The "Aereokiller" system took those over-the-air broadcasts and redistributed them not with a local cable-TV signal (presumably for the benefit of customers in rural and sightline-restricted areas who could not get a clear broadcast signal… based on 1974ish concepts of what is necessary for a clear broadcast signal, but that's for another time), but with an internet subscription. This is a three-element change in distribution channel, which is at least one too many for either the court or the Copyright Office:

  • It is not local. Both the court and the Copyright Office emphasized that § 111 is "about" ensuring access to local broadcast programs of local interest, whether that's regional sports broadcasts, public affairs, or whatever (but without mentioning the nature of the content in their respective directives).
  • It is not for the same form/format as the original broadcast. Although both the court and the Copyright Office are less than obvious about this, there remains a distinction between "passive viewing at home" and "recordable, mobile, editable" in tension with Sony and the Home Audio Recording Act of 1992. One must read between the lines — such as the paragraph in the court's slip opinion spread across pages 12 and 13, rejecting full "technology agnosticism" as entirely consistent with the statute — to see this… which, I suppose, leads directly into the third change, which is truly silent.
  • It provides a complete revenue free ride for the repurposing service, which provides exactly no financial benefit (or other benefit from the exclusive rights provided by copyright) to the copyright holder — or, as relevant here, the holder's licensee broadcasters/distributors (regardless of whether it's a true "broadcast" origin).

The Copyright Office — being an agency captured by the licensee broadcasters/distributors and their non-TV counterparts — is admittedly stuck in the middle. Regardless of the agency capture, the Copyright Office is charged with administering a constitutionally-approved monopoly in the face of centuries of suspicion of monopolies. That's the real subtext here: That these repurposing "services" are simultaneously attacking the holder's/licensee's rights established in that monopoly (a loser, given the constitutional imperatives) and the perceived excessive fees charged by "big media" for participating in that marketplace with even the purest of intentions… and there's very little pure in these intentions, only a desire to avoid paying the (established, often unfair) going rate.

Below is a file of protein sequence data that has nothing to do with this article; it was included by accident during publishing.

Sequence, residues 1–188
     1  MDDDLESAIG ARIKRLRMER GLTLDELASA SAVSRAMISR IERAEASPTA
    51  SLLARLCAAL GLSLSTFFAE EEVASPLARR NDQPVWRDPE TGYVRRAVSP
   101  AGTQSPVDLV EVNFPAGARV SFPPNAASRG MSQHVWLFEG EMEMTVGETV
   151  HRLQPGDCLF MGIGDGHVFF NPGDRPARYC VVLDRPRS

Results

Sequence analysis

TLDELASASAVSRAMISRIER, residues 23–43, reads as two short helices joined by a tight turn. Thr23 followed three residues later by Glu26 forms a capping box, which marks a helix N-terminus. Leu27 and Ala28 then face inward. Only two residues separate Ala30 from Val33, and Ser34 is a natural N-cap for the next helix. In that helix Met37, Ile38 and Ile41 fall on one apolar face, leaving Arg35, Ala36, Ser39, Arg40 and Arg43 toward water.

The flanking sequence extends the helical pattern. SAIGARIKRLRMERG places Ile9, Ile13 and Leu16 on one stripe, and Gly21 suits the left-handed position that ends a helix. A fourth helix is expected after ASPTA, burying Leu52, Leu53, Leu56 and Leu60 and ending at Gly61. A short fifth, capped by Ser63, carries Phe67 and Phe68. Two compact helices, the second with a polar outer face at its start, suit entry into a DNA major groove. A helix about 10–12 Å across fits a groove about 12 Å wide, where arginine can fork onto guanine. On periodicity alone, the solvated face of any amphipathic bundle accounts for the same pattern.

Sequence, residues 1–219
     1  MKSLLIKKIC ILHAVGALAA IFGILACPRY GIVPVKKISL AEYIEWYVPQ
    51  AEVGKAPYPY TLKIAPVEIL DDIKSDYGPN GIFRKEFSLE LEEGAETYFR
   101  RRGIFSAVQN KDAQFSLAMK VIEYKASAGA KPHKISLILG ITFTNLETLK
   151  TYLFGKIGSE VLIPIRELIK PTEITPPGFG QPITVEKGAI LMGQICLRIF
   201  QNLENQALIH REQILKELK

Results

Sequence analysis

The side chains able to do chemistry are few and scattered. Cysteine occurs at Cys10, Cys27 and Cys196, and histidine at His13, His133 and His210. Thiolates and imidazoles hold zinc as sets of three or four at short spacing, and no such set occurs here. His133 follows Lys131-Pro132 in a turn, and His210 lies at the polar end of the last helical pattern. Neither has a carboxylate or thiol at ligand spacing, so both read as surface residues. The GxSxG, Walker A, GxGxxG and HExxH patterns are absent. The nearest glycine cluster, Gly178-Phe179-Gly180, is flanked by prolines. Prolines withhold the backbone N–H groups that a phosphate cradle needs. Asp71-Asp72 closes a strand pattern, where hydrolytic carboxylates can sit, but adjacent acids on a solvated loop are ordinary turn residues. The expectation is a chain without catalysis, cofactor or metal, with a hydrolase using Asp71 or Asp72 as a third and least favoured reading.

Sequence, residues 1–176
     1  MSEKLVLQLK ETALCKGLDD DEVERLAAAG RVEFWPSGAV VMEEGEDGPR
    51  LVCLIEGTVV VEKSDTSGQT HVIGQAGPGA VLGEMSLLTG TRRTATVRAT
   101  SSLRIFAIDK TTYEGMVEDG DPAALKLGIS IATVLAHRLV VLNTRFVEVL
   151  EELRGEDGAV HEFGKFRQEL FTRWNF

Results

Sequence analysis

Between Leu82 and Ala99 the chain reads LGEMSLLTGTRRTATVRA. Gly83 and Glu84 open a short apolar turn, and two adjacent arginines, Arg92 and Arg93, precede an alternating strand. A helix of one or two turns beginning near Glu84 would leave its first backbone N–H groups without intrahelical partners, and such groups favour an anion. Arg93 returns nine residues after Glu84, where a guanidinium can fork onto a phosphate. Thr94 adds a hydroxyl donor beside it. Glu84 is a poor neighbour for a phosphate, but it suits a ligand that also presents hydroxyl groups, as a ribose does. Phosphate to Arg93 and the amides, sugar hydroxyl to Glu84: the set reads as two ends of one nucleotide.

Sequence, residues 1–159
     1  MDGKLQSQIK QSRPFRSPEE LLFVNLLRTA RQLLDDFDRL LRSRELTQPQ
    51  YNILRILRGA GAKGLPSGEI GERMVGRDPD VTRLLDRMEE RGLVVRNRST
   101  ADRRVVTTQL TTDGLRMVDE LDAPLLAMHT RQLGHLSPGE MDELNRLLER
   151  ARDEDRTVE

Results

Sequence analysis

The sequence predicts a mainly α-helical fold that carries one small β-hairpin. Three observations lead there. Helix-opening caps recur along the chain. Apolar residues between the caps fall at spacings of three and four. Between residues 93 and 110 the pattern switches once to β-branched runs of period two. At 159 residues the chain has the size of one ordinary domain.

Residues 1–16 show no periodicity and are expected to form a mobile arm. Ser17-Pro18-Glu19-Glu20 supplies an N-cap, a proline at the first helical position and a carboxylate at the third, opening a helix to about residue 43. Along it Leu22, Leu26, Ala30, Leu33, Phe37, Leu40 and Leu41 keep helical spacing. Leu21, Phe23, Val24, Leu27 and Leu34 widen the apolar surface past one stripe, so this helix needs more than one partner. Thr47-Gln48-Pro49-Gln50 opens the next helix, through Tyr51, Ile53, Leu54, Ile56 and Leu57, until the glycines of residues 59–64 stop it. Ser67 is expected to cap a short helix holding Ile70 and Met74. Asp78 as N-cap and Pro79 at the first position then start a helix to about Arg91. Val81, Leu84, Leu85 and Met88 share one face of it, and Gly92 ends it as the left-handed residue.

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What I find more interesting about this footnote 4 is that it may provide a lever to chip away at some of the Copyright Office's improper, self-interested nonsense, such as its position in Morris. The tl;dr version of this is that the Copyright Office's captured-agency self interest led it to assert that each and every freelancer's work must be covered by a separate certificate of registration, meaning that a typical periodical with material written by freelancers will have not one certificate (and registration fee!), but perhaps dozens. The full version is… longer.